Palembang, the second largest town on Sumatra after Medan, was once the celebrated seat of the rich and powerful Srivijaya kingdom, that for more than three centuries – from the 9th to the 11th century – reigned supreme over the Sumatra seas up to and including the strategic Straits of Malacca.
Srivijaya was then known as the wealthy trade hub as well as the center for Buddhist learnings. Monks from China, India and Java used to congregate here to learn and teach the lessons of Buddha. In AD 671 Chinese chronicles wrote that the famous Chinese Buddhist monk, I Ching sojourned in Palembang for six months on his way to India. I Ching wrote that there were more than 1.000 Buddhist monks in the city and advised Chinese monks to study Sanskrit in Palembang before proceeding to India.
While the Srivijaya kings lived inland on shore, his subjects lived along the wide Musi river, manning the powerful fleet and busily trading in gold, spices, silks, ivories and ceramics with foreign merchants who sailed in from China, India and Java. In 1025, however, the king of Chola in South India sent a fleet to Sumatra, destroying the kingdom, marking the end of its golden era.
Later, Chinese admiral Cheng Ho, emissary of the Chinese emperor visited Palembang in the 15th century.
Palembang is also known in history as the origin of the Malays whose kings are believed to have descended to earth at Gunung Siguntang, north of Palembang.
Today, not much can be seen from Srivijaya’s golden age, except for evidence of the area’s fine gold and silver songket weaving that persists until today, the fine lacquerware it produces for which Palembang is renowned, and its regal dances and opulent costumes.
Capital of the Province of South Sumatra, Palembang today thrives from coal, mined in its surroundings and from palm oil plantations. Much of the inhabitants still dwell for kilometers along the wide Musi river.
The Musi river has its source deep in the Bukit Barisan mountains, tumbling down to reach the plains where, fed by the converging Ogam and Komering rivers, it then widens into a large river as it reaches Palembang. Its many tributaries and streams that cut through Palembang, has caused this town at times to be called ‘The Venice of the East’.
The Icon of modern Palembang is theAmpera Bridge, which was opened to the public in 1965, spanning this wide river connecting both sides of the city. The view from the Musi river from this vantage point is stunning. Watch the bustling boats at the floating market by the Ampera Bridge, while at sunset the view with the many houses on stilts along both sides of the Musi and the centuries-old quaint Chinese shop-houses, are memories to be captured on film and not easily forgotten.
North of the Ampera bridge, is the Mesjid Agung or Royal Mosque, built in 1740 by Sultan Badaruddin I, and recently restored to its former glory. This area was once the capital of a Malay Islamic kingdom which came to an end in 1825, when the last Sultan, Ahmad Najamuddin surrendered to the Dutch and was exiled to Banda Neira.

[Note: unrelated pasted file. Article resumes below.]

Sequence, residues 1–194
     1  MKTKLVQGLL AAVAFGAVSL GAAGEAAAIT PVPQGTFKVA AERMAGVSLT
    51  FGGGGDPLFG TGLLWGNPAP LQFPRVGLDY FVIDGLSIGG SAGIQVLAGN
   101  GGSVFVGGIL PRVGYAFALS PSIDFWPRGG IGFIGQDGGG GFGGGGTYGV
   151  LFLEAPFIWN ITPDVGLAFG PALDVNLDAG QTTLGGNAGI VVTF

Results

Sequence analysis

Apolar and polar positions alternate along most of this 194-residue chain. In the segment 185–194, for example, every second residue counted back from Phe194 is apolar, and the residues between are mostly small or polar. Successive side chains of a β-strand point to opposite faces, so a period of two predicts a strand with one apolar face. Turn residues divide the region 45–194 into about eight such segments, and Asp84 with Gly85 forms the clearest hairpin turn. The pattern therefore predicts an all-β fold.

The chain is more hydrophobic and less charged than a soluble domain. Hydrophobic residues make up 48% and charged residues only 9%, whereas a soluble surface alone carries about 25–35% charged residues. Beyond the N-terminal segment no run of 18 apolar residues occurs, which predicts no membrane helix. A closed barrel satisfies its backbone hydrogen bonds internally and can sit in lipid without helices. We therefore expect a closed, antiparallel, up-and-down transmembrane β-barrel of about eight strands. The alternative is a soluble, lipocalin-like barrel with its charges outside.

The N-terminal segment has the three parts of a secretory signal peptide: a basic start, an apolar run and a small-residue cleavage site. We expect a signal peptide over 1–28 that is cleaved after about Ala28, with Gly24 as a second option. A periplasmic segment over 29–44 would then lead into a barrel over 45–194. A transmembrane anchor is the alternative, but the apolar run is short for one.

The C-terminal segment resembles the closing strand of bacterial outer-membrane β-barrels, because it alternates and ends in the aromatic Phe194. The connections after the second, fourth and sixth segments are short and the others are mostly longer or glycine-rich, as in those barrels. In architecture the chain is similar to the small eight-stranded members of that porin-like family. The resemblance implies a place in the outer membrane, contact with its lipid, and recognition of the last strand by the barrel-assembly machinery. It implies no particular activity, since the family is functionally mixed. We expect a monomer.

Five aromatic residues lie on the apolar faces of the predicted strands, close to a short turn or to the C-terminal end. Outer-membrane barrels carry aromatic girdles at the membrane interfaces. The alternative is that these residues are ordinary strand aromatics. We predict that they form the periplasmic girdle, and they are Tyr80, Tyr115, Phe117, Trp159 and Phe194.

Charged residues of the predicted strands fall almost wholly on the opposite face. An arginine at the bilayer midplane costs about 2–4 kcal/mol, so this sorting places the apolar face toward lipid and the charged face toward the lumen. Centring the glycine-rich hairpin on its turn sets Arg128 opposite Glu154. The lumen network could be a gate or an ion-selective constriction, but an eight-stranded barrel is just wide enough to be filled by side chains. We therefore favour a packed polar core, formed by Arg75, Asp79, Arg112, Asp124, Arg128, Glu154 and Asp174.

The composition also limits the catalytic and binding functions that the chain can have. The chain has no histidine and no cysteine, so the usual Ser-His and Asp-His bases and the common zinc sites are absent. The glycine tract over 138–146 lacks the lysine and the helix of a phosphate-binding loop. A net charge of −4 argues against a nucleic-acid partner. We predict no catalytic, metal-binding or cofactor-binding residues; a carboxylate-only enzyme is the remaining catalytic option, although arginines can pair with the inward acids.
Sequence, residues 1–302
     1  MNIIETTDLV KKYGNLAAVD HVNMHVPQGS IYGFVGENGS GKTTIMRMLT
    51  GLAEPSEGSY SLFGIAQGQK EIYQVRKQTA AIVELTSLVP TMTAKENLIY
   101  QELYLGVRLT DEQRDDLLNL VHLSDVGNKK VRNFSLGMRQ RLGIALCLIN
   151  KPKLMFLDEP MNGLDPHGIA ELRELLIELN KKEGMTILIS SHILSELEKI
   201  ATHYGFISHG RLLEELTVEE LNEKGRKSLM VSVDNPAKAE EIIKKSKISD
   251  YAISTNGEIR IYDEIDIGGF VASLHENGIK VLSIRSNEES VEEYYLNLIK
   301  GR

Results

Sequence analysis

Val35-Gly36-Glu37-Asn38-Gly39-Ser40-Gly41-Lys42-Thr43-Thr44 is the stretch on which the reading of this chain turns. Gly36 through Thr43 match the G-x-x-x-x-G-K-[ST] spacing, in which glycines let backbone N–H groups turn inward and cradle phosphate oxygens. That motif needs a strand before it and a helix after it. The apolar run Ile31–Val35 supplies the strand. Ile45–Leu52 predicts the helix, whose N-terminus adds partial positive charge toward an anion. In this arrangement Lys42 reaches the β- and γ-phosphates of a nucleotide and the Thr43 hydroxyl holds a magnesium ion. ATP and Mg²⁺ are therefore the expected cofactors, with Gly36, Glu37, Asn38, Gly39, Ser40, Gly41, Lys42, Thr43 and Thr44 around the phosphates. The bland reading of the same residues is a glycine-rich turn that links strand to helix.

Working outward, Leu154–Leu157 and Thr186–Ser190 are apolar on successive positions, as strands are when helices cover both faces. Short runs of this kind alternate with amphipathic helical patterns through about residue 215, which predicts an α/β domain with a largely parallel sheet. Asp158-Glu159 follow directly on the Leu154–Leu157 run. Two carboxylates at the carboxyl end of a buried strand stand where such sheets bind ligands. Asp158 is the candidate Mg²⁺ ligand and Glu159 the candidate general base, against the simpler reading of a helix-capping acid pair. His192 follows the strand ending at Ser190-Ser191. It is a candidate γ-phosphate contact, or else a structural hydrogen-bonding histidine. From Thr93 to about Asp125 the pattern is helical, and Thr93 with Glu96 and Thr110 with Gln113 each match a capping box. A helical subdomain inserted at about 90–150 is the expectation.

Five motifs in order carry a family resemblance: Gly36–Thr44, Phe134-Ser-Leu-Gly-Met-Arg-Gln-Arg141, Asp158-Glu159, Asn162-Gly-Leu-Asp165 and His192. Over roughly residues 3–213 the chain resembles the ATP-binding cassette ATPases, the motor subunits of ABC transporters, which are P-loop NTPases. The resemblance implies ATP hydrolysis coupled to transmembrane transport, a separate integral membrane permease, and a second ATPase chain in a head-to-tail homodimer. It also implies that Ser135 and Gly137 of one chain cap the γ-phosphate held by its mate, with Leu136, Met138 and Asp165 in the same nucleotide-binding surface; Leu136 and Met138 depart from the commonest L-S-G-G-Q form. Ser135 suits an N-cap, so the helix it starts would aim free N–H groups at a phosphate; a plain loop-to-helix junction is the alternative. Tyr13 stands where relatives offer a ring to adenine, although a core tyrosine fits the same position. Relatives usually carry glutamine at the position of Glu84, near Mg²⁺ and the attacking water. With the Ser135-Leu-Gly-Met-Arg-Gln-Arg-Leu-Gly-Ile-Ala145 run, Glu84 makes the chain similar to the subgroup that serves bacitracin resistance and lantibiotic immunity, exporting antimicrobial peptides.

But Palembang is not only about history. On New Year’s Eve, tens of disc jockeys gather downtown to deliver brand new energy, while the traditional songket weavers and wood carvers shy away from the loud trendy exposure.
When in Palembang do not forget to try the spicy steamed river fish wrapped in banana leaves, called pindang, or Palembang’s specialty, the favourite dish called pempek dipped in aromatic sweet vinegar sauce.
Pempek or empek-empek is almost an icon when it comes to culinary specialities in Palembang. You have to have a strong stomach to sample it. Most pempek is made of tengiri or Spanish mackerel fried fish cake, and put into a sweet vinegar soup with noodle inside or diced cucumber. It’s actually a fresh delicacy but becomes very hot when chili paste is added. Try to mingle with the locals, where pempek is best served. Pempek Wak Ayah Lemak at Kebon Sirih is a local recommendation. Pempek Sekojo is also locally recommended, found at the cross road of Palembang Trade Center. Pempek is also found at the Pasar Kuto close to the traffic lights. If you are close to Kol. Atmo Street, go to Tamrin to find grilled pempek, which is also available at Merdeka street, called SAGA grilled pempek. Pempek Pak Raden is at Radial. Pempek Dempo and Pempek EK are around Dempo. These are the places worth hunting as you cruise the town on a multi-route becak.
Pempek Candy Palembang at Jl. R.Sukamto no. 53 is a favorite restaurant to eat Pempek. But it is mostly known for take-away, which can be bought fried or still uncooked. These are packed in neat parcels, which, if wanted, you do not need to carry along with you, but can be sent by delivery to any city in Indonesia.
Martabak India or Martabak HAR is one of the local munchies you may want to try. It is available at the Pasar Kuto. Almost all Indian food involves curry and this is no different. However, its taste will take you back to the time when Indian merchants began to inhabit the city. Close to Kebon Sirih, there is also seller of Martabak India. Model Gandum and Burgo are probably the other munchies to sample. Model can be found at Simpang Empat, near Jembatan Karang, or Model Dowa at Simpang Lima or Bukit Baru. Kwe Tiau is available on Kebon Sirih Street. Pangsit is at the Kavaleri. Bakso Gepeng is close to Pasar Kuto right before Telkomsel.
Pindang can be bought at Pindang Meranjat or Pindang Pegagan at Demang Lebar. Pindang can also be found in Sudirman Street close to IGM. It is also found at Kol. Burlian Street close to Soekarno-Hatta. Some of the known places to eat are:
Riverside Restaurant at Benteng Kuto Besak Complex is known for its grilled shrimp with boombaru chili sauce.
Rumah Omma Family Restaurant selling lamb chops and other national and international food. Merpati Street, no. 8, Palembang. Emilee Iga Bakar on MP Mangkunegara Street no. 71-73 selling anything beef and also a bit variety of sea food. Sri Melayu on Demang Lebar Daun Street, selling pindang patin. Warung Mang Cik Din on Veteran Street, selling delicious pempek.